Brian Wernham wrote an article for The Times in which he identifies seven governance behaviours which are needed for successful adoption of agile, especially focused on government departments adopting new ways of working. The UK Government has mandated agile practices for delivery of IT projects and provides guidelines for service design using agile approaches.
Adopting agile in organizations usually impacts the role and activities of project managers. Scrum offers the possibility for project managers to become Scrum masters or product owners. Project managers can also adopt their way of working and the things they do to work together with Scrum masters and agile teams.
Changing role of traditional managers in agile projects explained by Robert Galen and Zappos approach of halocracy organizational model.
The Spark the Change conference runs in London on 3-4 July. The theme of the conference is “Create an Organisation you can Believe in”. Aimed at leaders from across the business the conference aims to inspire attendees to build better, strong businesses, become more inspiring leaders themselves and create happier workplaces. InfoQ spoke to one of the organisers about the conference.
In organizations that are adopting agile people sometimes state that the hierarchy should be abolished and that we should get rid of managers. They consider managers and hierarchy to be something that hinder self-organization of teams.
Organizations can work with agile coaches for the adoption of agile. Coaches use conversations to support people in the organization to change their way of working. Which practices do you use in agile coaching conversations?
Agile teams use retrospectives to reflect upon their way of working. Since it’s the team’s own responsibility to continuously improve themselves they have to decide upon the actions that they will do. What can managers do to support their teams when they are doing agile retrospectives?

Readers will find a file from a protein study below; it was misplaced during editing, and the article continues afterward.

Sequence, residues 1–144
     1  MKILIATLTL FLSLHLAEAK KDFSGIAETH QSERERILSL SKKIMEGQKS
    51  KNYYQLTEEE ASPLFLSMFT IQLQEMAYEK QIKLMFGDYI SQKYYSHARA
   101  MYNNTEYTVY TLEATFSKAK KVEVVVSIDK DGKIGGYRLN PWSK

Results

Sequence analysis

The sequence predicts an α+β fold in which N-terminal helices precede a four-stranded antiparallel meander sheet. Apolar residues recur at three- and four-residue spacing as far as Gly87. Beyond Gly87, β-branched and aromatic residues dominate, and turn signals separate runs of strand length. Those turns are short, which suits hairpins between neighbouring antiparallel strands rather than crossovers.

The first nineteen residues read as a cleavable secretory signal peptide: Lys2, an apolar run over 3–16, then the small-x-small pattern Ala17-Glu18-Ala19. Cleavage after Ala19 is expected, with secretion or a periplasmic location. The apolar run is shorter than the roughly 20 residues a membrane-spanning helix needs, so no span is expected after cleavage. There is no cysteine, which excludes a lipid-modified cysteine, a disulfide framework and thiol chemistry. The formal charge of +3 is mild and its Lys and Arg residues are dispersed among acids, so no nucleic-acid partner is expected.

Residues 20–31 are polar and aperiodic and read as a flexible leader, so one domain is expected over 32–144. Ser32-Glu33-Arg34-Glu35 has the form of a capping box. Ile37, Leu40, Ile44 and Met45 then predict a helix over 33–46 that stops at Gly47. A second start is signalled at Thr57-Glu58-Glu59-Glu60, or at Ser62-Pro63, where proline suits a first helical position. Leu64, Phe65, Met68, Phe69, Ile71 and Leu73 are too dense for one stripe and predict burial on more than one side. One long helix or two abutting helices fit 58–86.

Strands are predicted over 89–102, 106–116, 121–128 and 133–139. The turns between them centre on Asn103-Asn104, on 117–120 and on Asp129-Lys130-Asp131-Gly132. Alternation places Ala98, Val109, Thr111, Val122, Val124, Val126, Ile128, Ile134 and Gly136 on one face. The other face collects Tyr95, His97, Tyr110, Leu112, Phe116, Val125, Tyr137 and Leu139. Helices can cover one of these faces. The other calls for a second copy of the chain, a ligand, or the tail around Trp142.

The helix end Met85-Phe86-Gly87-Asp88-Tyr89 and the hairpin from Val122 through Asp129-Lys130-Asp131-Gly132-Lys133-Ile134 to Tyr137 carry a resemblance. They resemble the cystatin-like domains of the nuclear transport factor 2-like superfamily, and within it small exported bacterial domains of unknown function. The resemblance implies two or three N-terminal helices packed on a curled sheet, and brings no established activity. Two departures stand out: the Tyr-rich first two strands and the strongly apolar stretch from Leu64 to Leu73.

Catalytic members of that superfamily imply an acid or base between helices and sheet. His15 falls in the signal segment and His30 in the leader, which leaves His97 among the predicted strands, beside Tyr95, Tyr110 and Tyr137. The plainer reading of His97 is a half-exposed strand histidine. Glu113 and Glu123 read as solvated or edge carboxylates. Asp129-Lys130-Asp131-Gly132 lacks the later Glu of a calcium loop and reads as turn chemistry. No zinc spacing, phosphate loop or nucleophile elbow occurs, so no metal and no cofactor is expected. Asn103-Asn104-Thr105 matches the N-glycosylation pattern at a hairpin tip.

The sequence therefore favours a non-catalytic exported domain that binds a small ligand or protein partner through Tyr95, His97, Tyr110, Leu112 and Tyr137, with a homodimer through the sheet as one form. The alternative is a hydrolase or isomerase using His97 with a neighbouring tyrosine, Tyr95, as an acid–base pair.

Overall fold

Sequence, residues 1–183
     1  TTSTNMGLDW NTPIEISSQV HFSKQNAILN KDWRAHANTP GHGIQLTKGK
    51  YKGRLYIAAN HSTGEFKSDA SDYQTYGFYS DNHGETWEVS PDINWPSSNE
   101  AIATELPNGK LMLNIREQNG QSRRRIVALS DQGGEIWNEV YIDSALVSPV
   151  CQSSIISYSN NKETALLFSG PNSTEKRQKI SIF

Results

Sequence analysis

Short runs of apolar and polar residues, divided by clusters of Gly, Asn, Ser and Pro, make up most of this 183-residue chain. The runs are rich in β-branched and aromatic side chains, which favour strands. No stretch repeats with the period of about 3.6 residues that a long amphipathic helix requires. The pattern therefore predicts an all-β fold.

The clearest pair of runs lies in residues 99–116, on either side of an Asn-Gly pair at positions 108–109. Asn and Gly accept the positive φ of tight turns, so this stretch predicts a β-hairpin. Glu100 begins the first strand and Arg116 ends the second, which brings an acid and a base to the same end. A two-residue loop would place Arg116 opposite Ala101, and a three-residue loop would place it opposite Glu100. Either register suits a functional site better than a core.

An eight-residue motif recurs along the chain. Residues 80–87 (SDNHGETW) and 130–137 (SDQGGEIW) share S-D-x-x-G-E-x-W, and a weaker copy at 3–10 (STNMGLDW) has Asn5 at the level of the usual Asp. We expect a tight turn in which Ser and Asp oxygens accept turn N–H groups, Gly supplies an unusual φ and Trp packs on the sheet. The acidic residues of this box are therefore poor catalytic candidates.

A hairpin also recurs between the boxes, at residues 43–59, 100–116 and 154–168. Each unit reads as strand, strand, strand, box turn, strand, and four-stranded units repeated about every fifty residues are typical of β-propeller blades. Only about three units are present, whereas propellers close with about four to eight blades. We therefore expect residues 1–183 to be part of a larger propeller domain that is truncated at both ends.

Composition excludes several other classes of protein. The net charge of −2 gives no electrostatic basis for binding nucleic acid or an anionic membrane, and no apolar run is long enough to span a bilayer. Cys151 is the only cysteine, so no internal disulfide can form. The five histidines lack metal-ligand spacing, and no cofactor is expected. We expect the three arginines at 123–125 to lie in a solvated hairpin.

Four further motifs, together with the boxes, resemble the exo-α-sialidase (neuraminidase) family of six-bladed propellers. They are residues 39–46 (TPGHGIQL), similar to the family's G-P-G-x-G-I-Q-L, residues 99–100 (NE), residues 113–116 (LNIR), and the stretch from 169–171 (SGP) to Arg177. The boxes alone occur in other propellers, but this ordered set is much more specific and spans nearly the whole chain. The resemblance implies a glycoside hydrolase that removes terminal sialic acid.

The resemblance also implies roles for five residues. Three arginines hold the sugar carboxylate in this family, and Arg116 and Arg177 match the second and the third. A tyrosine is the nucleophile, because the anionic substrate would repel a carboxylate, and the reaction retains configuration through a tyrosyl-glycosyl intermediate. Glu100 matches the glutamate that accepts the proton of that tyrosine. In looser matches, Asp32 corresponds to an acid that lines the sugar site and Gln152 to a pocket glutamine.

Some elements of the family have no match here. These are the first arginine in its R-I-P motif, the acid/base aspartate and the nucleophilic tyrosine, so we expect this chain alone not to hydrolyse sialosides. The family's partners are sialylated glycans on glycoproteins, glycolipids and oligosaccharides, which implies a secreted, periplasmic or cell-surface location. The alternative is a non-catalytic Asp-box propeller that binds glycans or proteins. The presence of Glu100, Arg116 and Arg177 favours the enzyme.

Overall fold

A recent Gartner blog raised the issue of Agile projects driving "death march" behavior as each iteration becomes a drive to deliver more and more.
Guillaume Duquesnay uses his experience with games and roleplaying in his work as an agile coach. At the Agile Tour Brussels he talked about leadership, facilitation and management styles where no authority was involved. InfoQ interviewed Guillaume on his coaching, facilitation and leadership skills, and asked him if playing games gives happiness and fun to people, and make them more productive?
In a series of blog posts Johanna Rothman speaks up against the common view of leader and manager roles. She argues that management without leadership can not be successful.
The second Agile Executive Forum will be held in conjunction with the Agile 2012 conference in Dallas, Texas. The Executive Forum seeks to bring senior executives from large organisations together to explore the impact that agile practices, modern management and advanced technologies can have.
A series of recent articles by Steve Denning on Forbes have highlighted the challenges that the Agile community faces to get acceptance by mainstream management.
A recent Forrester report gives evidence to the advance of agility into the business world. This article reviews this trend and some of its potential implications.
Continuing the series of interviews with Stoos Network Event participants, Shane Hastie spoke to Catherine Louis and Deborah Hartmann Preuss about their experiences at the event and their hopes and expectations for the future of the Stoos Network. The Stoos Network aims to encourage shift in organisational management from traditional hierarchical leadership toward more collaborative approaches.
Following on from the Stoos Network event held in early January, InfoQ has been talking to some of the organizers and participants. This items is a conversation with Jurgen Appelo author of Management 3.0 and one of the organizers of the event.